Earl Gray

Earl Gray
"You can argue with me but, in the end, you'll have to face that fact that you're arguing with a squirrel." - Earl Gray

Monday, June 8, 2020

So, You Want to be Published

Rule #1:  Don't!

     It is like a Catch-22.  The fact that you're reading about how to go get published proves that it is too early for you.

     It is important to understand that there is little or no recompense involved here.  Glory?  The only people reading your words will be others curious about what kind of stuff they have to write in order to be published there themselves.  Bear in mind, too, that there are thousands of poetry magazines and webzines sharing very few readers. 

     There is also the small matter of poetry's condition.  How many living poets can you name?  More to the point, how many do you think even 1% of the population can name?

     With neither fortune nor fame in the mix, is there a downside to being published?  Certainly!  Editors almost always want "first serial rights", such that, while it might be used in a future collection, future magazine editors are unlikely to want that work.  Worse yet, if you were foolish enough to use your real name, publications could cause problems for you in the future.  As you improve, you might get more and more ambitious in your submissions.  Your chances won't be enhanced by future editors web searching your name and finding your rawest pieces.  Meanwhile, prospective employers and other business contacts might not like what they see when they Google you in the future.

    "Okay, then I'll publish a book."

     See Rule #1.  If you self-publish you will, at least, retain distributional control.  This is to say that you can bury the product later, when you have produced better offerings.  After foisting a few dozen copies on friends and family, the lesson shouldn't cost you more than a few thousand dollars--less if you use LuLu.

     Planning a book is not just wrong, it's exactly wrong.  As they say, the journey of a thousand miles begins with one step.  Instead of trying to fill a volume with, say, fifty mediocre poems, try to produce one stunning critically acclaimed masterpiece.  Think quality, not quantity.  Bear in mind that, aside from the players' parents, no one wants to watch Pop Warner football when they could be watching the NFL.  You will be competing against the best poets in the world.  It is important to view this as challenging more than daunting.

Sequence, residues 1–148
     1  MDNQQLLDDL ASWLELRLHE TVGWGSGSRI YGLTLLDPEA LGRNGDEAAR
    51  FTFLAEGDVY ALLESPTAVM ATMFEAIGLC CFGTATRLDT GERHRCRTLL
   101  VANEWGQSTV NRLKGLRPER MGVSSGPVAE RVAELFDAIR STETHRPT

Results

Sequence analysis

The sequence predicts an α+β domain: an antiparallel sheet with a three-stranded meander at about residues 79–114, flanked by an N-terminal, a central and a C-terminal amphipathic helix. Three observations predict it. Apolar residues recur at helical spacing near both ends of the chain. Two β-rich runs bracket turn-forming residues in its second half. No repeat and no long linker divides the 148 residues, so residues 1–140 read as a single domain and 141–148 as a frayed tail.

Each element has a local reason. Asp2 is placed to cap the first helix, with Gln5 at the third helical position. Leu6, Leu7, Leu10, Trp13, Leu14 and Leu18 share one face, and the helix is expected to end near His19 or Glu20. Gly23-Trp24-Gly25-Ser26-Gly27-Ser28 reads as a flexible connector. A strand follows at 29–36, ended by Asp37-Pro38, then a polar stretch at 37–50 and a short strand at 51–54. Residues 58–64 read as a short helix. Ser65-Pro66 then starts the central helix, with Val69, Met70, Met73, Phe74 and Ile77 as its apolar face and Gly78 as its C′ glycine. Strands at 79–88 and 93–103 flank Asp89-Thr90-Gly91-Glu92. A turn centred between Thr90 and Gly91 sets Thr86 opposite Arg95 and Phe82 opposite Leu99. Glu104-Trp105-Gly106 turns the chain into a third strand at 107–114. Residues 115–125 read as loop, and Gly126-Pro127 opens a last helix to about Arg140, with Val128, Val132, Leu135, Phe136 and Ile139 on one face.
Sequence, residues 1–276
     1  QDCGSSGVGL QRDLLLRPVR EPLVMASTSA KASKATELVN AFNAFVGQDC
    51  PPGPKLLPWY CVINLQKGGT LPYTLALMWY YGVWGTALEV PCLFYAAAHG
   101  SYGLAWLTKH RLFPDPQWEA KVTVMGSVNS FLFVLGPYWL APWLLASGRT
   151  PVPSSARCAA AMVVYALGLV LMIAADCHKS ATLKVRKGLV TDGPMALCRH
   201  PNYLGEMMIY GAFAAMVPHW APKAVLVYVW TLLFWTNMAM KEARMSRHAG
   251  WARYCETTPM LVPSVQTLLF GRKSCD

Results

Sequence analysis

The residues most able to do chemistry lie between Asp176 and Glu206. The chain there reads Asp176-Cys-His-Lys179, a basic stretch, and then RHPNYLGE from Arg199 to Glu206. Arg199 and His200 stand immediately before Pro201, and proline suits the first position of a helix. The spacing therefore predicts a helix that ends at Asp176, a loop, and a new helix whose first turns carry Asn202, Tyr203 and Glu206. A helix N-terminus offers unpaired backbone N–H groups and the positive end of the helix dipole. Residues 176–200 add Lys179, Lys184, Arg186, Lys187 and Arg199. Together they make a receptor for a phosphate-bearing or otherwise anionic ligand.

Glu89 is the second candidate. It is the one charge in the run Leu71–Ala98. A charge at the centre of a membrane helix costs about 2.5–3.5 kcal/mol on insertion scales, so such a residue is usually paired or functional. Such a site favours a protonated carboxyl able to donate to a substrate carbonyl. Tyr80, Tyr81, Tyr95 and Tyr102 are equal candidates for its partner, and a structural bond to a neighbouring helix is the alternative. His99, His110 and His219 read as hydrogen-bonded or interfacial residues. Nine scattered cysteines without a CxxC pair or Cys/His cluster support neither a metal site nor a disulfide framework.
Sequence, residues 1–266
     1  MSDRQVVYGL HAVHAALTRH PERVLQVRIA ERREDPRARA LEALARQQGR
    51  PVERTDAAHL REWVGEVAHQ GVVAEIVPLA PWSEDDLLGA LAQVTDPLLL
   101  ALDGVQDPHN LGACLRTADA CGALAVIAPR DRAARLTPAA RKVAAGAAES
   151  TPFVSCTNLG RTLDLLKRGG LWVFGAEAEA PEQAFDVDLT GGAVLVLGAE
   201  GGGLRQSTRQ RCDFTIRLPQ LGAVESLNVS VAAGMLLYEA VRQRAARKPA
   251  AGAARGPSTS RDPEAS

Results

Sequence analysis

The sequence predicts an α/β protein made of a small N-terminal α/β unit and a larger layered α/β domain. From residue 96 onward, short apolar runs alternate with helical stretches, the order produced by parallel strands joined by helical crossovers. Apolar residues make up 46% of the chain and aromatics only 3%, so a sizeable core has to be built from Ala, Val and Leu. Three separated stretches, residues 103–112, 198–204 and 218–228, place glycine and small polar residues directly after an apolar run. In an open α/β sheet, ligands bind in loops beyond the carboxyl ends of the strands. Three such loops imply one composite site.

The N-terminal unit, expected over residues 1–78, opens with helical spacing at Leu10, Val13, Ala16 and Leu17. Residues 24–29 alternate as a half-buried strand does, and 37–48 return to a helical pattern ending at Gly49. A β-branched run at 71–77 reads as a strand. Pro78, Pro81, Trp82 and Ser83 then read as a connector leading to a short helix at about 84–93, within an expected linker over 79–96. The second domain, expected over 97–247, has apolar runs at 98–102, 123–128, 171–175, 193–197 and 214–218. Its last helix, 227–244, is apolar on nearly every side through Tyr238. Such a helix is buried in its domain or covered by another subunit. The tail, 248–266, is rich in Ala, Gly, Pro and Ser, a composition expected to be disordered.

How to Produce a Stunning Critically Acclaimed Masterpiece

1.  Learn the craft.

      You don't make it into the National Hockey League by skating on your ankles.  Craft might not help so much with editors, few of whom have studied it themselves, but it will capture the attention of geeks--any one of whom can create a buzz for you if suitably impressed--and listeners.

2.  Respect the craft.

     If you don't know whether "The Red Wheel Barrow" is free verse or metrical you can learn.  Start now.

     If you don't care whether "The Red Wheel Barrow" is free verse or metrical you can't learn.  Stop now.

3.  Poetry is a mode of speech.

     Not writing.  Never, ever let anyone see you reading poetry--especially your own--aloud from a script.  That would be tantamount to announcing that nothing you write should be taken seriously, even by you.

     It follows that you must either perform it or attract the attention of those who can.

4.  Say what you need to say.

     And nothing more.  Ideally, it should be something small that could unfold to something different, something bigger.  Avoid clichés and well-worn themes.  Use original language to conjure up something interesting.

5.  Never, ever describe what you're doing as "poetry". 

    The idea is to attract listeners, not to repel them.  Choose words that people will not only want to hear, but to remember.  Verbatim.  Let the audience decide what to call and how to treat your offerings.

6.  We need to develop performance, multimedia and social media skills or network with those who have them.

    By far, the most likely way for an individual to reach a large audience is to have a YouTube video go viral.  Here is where technique can mean everything.

7.  Avoid any mention of hearts, souls, the abyss, or other overwrought abstractions. 

    And shards. 

    Especially shards.

8.  Know that you have "arrived" when strangers quote you.

9. Avoid Seinfeldian ("So what?") poems.

If You Insist

     If impatient or overconfident, here are some pointers:

     Do a web search of outlets or go to "Poets & Writers - Literary Magazines".  Look for what seems a suitable venue and then research it.  Make sure the outlet is still in operation.  Check out their reading period.

     What kind of content do they like?  As long as it isn't a diary entry, one can wow editors with succinct plotlines that end with an intriguing twist.  If not too self-conscious, a clever turn of phrase can help.  Humor always sells.  Avoid propaganda unless willing to severely limit your options. 

     Academia is a different market entirely.  University presses are a slam dunk if you can claim to be an alumnus and/or can fit in enough literary allusions to keep scholars annotating for hours on end, along with enough dead ends to keep interpreters guessing for decades.

     Whatever your expectations are, lower them.

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